An anti-corruption organisation, Human and Environmental Development Agenda (HEDA), has given a former justice minister, Mohammed Adoke, two weeks to retract an allegation of forgery levelled against its chairman, Olanrewaju Suraju.
HEDA, in a statement signed by Mr Suraju, threatened to sue Mr Adoke in the United Kingdom should he fail to retract the forgery allegation.
The threat comes on the heel of an earlier similar threat by the UK anti-corruption group, Corner House, which is HEDA’s partner in respect of the prosecution of Malabu scandal. The UK group threatened legal action in response to Mr Adoke’s petition to the police accusing Mr Suraju of forgery.
HEDA in the statement, on Sunday, said Mr Adoke wrongly accused HEDA of forging evidence (in the form of an email, a screenshot of which was reproduced in the article) that had been admitted as evidence by the Milan Court in Italy.
It said the evidence was admitted in the trial of Shell, Eni and other defendants on charges of international corruption relating to the Oil Prospecting License (OPL) 245 transaction of 2011.
It said said the former minister in collaboration with some lawyers had resorted to blackmail in order to subvert the lingering investigations of graft associated with OPL 245.
HEDA accused Adoke and his legal team of exploiting the “fragile state and weak political environment” to launder a string of campaigns to redeem the image of key actors in the series of financial misdeeds linked to the OPL 245 deal.
It added that they issued a press statement titled, ‘Lawyers: E-mail evidence tendered against Adoke in Italy was forged,” wherein they sought to cast HEDA in bad light.
The statement read in part, “This is a case of a legal team deliberately distorting facts already accepted globally without blemish.
“It is unprofessional to describe as forged a document tendered and accepted as a legal document by international law courts just to create a safe passage for suspects.”
Mr Suraju said the role of HEDA Resource Centre as one of the parties responsible for the petition that led to the OPL 245-related investigations and prosecution in Nigeria is widely known in Nigeria and across the world.
He added that the accusation that it forged the email in question or any other evidence submitted to the courts in Milan or elsewhere is entirely untrue and highly defamatory.
‘How email surfaced’
HEDA explained that the email came to light after it was disclosed by JP Morgan Chase to Nigeria as a result of proceedings in the High Court in London.
It added that the Nigerian government is currently suing the bank for damages relating to its handling of funds arising from Shell and Eni’s acquisition in 2011 of the OPL 245 oil field in Nigeria.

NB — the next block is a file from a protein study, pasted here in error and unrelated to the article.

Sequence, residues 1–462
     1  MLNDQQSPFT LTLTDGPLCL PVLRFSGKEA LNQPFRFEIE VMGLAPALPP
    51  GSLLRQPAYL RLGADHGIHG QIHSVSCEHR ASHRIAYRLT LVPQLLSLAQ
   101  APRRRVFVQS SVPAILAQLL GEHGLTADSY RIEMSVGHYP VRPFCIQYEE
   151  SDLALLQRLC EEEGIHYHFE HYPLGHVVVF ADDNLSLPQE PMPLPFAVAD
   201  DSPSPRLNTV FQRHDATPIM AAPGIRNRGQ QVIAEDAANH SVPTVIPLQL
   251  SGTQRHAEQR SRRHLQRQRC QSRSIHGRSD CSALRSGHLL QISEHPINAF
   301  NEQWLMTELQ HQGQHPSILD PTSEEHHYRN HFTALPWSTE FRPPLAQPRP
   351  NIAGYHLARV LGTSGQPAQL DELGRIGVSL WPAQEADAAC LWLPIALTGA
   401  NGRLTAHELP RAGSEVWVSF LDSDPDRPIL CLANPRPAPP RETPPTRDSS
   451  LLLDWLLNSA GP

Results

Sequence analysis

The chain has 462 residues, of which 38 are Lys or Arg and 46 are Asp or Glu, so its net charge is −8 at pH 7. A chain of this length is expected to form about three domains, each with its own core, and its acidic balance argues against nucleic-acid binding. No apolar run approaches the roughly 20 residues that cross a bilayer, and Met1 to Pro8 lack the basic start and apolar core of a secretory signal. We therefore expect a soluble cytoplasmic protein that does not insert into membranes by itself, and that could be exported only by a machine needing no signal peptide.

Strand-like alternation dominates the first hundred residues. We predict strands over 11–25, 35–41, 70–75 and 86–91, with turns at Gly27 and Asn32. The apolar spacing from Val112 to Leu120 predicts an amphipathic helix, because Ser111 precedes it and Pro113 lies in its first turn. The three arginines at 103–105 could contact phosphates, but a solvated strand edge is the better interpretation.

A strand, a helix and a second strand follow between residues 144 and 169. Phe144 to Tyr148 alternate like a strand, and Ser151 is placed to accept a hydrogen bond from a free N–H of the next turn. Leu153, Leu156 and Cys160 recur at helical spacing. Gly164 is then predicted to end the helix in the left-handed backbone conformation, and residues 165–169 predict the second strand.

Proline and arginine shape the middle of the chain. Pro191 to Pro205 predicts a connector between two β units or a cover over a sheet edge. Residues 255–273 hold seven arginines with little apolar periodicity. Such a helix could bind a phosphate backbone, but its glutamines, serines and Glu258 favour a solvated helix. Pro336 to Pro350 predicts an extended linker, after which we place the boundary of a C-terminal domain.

“In its claim, Nigeria stated that an email had been sent by Adoke on 21 June 2011 to Bayo Osolake, employee at JP Morgan Chase, from the email address “firstname.lastname@example.org” and that copies of the Resolution Agreements for the OPL 245 deal were attached to the email. HEDA noted that the Nigerian authorities further stated in court documents that the email address was associated with “the A Group of Nigerian companies controlled by Mr Abubakar Aliyu”, a Group Construction, which is part of the network, subsequently received some of the OPL 245 funds which were transferred by JP Morgan to a company named Malabu Oil & Gas.
“Having become aware of the email, which was believed to be relevant to the prosecution in Milan of Royal Dutch Shell, Eni Spa and others, our partners, acting in the public interest, informed the Milan Prosecutor of the FRN’s statements to the High Court in London. The Milan Prosecutor issued a European Investigation Order (Ref:54772/13) to the UK, seeking the email from JP Morgan. The UK authorities complied with the request and obtained the email, which was subsequently transmitted by the UK authorities to the Milan Prosecutor,” HEDA noted.
According to HEDA, the Milan Tribunal subsequently accepted the email as evidence in the trial and the prosecutor presented it to the court on February 3, 2021.
HEDA said the email was obtained by the Milan prosecutor through a government-to-government request from Italy to the United Kingdom and that the documentation is now part of the public record that the email was obtained from JP Morgan by the UK Serious Fraud Office and transmitted directly to the Milan Prosecutor.
Adoke’s petition to police
Mr Adoke had sent a petition to the Inspector General of Police office demanding a probe of email evidence presented against him by prosecutors in Malabu trial in Milan, Italy.
In his petition dated February 5, Mr Adoke claimed that an email presented at the Italian court and purported to have originated from him, was “forged” and presented in court to “interfere with the course of justice.
The former minister told the police in the petition that those behind the alleged forgery were unknown to him, but urged the police authorities to expose them.
The former attorney-general also later complained to the police that some people, one of whom he suspected to be Mr Suraju, circulated a fake tape purporting it to be that of an interview he had with an Italian journalist admitting that the Malabu transaction was a scam.
He said he granted no such interview but that a tape was concocted and circulated purporting him to have done so.
Both Shell and Eni along with their managers that were the main defendants in the case, were accused of paying bribes to Nigerian officials in respect of the OPL 245 oil block.
But they were recently acquitted by the Milan court in March.
Police in April interrogated Mr Suraju in Abuja but later released him on bail.